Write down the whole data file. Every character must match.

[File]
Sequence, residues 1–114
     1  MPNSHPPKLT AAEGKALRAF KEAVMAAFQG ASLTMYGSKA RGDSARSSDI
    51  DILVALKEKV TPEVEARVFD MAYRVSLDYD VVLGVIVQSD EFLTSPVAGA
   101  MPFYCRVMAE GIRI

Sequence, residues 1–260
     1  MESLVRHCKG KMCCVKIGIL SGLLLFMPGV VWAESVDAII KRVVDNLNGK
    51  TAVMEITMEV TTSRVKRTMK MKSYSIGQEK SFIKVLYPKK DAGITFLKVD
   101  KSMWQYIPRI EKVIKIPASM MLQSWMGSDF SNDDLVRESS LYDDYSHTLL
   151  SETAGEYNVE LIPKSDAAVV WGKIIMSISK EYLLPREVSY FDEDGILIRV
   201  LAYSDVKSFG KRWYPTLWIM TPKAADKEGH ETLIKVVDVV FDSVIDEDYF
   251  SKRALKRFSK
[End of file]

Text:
Sequence, residues 1–114
     1  MPNSHPPKLT AAEGKALRAF KEAVMAAFQG ASLTMYGSKA RGDSARSSDI
    51  DILVALKEKV TPEVEARVFD MAYRVSLDYD VVLGVIVQSD EFLTSPVAGA
   101  MPFYCRVMAE GIRI

Sequence, residues 1–260
     1  MESLVRHCKG KMCCVKIGIL SGLLLFMPGV VWAESVDAII KRVVDNLNGK
    51  TAVMEITMEV TTSRVKRTMK MKSYSIGQEK SFIKVLYPKK DAGITFLKVD
   101  KSMWQYIPRI EKVIKIPASM MLQSWMGSDF SNDDLVRESS LYDDYSHTLL
   151  SETAGEYNVE LIPKSDAAVV WGKIIMSISK EYLLPREVSY FDEDGILIRV
   201  LAYSDVKSFG KRWYPTLWIM TPKAADKEGH ETLIKVVDVV FDSVIDEDYF
   251  SKRALKRFSK